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Kyle Hamburger has a pretty vivid memory of it. “It was about a third of my savings at the time,” the San Diego tech consultant said. “So it was pretty important.”
Hamburger lost that money in a company called Stablegains, a crypto savings startup, which, unbeknownst to him and most of its users, was tied to terra luna.
The loss shook him up. But it didn’t shake him out of crypto. Hamburger put $25,000 into another crypto savings platform, called Donut.
“I just don’t trust crypto as a whole right now,” Hamburger said. “There’s so much uncertainty that it’s scary to be in this space.”
Hamburger’s remaining involvement with crypto is the $100 or so he has in an account at Coinbase, an exchange where investors can buy and sell various cryptocurrencies. FTX was also a crypto exchange, and that’s where Coinbase CEO Brian Armstrong would like the comparisons to end.
“The last 10 years we’ve been working to make this industry more trusted,” Armstrong said. “And my fear was that people would somehow conflate this with what we’re doing.”
Armstrong argues that because Coinbase is based in the U.S. and listed on the Nasdaq, the exchange is inherently more trustworthy; FTX was based in the Bahamas.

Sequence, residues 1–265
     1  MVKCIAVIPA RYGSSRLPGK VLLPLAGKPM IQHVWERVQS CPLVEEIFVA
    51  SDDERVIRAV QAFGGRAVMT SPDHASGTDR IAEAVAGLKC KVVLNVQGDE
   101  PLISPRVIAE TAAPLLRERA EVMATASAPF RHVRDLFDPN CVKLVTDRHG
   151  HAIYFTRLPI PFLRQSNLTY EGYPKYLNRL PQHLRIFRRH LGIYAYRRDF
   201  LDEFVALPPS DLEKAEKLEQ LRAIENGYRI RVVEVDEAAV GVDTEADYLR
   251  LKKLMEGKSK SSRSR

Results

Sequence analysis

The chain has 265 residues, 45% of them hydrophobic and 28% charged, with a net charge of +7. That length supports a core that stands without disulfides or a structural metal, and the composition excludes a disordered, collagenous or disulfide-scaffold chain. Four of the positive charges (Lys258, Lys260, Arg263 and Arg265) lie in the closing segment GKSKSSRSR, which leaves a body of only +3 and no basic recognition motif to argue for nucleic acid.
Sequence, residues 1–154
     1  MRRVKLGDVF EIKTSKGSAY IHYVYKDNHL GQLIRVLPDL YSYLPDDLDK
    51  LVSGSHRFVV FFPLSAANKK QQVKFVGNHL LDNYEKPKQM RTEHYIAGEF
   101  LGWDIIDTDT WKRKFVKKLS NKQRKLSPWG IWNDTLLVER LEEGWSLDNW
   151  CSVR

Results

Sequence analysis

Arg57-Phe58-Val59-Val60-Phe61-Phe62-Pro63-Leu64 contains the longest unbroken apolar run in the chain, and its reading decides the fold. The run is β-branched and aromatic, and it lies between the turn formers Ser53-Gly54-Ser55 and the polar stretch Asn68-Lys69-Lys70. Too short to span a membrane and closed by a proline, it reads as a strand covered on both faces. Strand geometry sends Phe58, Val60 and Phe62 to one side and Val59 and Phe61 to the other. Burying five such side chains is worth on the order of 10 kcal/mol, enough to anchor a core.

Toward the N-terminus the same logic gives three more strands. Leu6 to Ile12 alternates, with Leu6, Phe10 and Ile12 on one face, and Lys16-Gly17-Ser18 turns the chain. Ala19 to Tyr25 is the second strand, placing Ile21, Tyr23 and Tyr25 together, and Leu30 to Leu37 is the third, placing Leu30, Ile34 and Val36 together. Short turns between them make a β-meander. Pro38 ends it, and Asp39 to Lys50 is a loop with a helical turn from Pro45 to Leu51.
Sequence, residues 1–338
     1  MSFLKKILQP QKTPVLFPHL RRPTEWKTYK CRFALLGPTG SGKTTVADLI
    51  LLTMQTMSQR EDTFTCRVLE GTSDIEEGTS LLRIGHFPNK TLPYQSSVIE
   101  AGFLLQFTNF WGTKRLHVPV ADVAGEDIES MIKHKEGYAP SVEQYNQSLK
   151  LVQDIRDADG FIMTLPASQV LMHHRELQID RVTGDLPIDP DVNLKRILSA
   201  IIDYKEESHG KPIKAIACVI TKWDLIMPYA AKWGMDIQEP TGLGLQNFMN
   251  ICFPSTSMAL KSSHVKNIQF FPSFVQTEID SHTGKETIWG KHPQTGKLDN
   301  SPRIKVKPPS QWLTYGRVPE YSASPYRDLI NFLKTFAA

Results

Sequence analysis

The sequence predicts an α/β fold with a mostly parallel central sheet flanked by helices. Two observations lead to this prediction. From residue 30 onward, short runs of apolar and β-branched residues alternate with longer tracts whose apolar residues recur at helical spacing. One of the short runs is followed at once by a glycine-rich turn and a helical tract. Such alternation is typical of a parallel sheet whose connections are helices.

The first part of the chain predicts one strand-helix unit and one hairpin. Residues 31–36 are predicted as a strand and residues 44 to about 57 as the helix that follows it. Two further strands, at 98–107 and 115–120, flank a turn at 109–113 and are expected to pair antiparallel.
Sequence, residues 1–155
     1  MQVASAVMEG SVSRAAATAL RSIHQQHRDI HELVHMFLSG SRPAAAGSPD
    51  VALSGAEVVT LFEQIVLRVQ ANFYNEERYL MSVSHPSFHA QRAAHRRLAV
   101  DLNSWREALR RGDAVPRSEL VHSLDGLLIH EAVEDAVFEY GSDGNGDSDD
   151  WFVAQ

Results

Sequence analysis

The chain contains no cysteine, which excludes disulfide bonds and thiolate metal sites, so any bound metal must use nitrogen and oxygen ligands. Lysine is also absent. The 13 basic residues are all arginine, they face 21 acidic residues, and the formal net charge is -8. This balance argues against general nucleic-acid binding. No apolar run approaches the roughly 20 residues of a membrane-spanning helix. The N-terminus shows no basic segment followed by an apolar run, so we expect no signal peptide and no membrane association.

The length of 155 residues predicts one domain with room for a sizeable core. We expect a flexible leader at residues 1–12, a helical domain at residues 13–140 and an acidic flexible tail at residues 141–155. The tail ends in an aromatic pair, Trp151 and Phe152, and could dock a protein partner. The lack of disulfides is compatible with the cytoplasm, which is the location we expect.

A lack of clear American regulation — like whether certain cryptocurrencies are securities or commodities — is pushing crypto into places where shady characters can thrive, he argued.
“I think what we need is thoughtful, clear regulation,” Armstrong said. “And once that clarity emerges in the U.S., I’m hoping we can build this industry in a more trusted and regulated way onshore.”
For a technology that’s supposed to be “trustless,” you’re now hearing crypto execs like Armstrong talk a lot about rebuilding trust.
Ironically, the regulatory gray area in the U.S. may have kept the FTX fallout from being worse.
“Regulation can confer legitimacy,” said Lee Reiners, policy director of the Financial Economics Center at Duke University law school. “And not only that, but regulation then can make it possible for new connections to form between the crypto economy and the traditional financial system.”
Reiners is a longtime crypto skeptic. In five years, with tough regulation, he said he’s pretty sure words like dogecoin, a cryptocurrency, and NFT, or non-fungible token, will fade from the vernacular.
“Ultimately for crypto to have value, it needs to offer a new product or service that people think is useful. And I just don’t see that happening,” Reiners said.
Both crypto skeptics and enthusiasts agree that the industry is at an inflection point. Either Reiners is right, and this will just fizzle into a small group of bitcoin true believers who will never trust banks, or maybe in five years, we’ll all be wearing virtual reality headsets, using ethereum to buy and sell Bored Apes in the Web3-powered metaverse.
For his part, Kyle Hamburger hasn’t sworn off putting money back into crypto someday.
“I mean, I can’t say that I won’t,” he said. “Who knows what the future will bring in terms of safety?”
For now, though, Hamburger is happy keeping his money in an FDIC-insured savings account.
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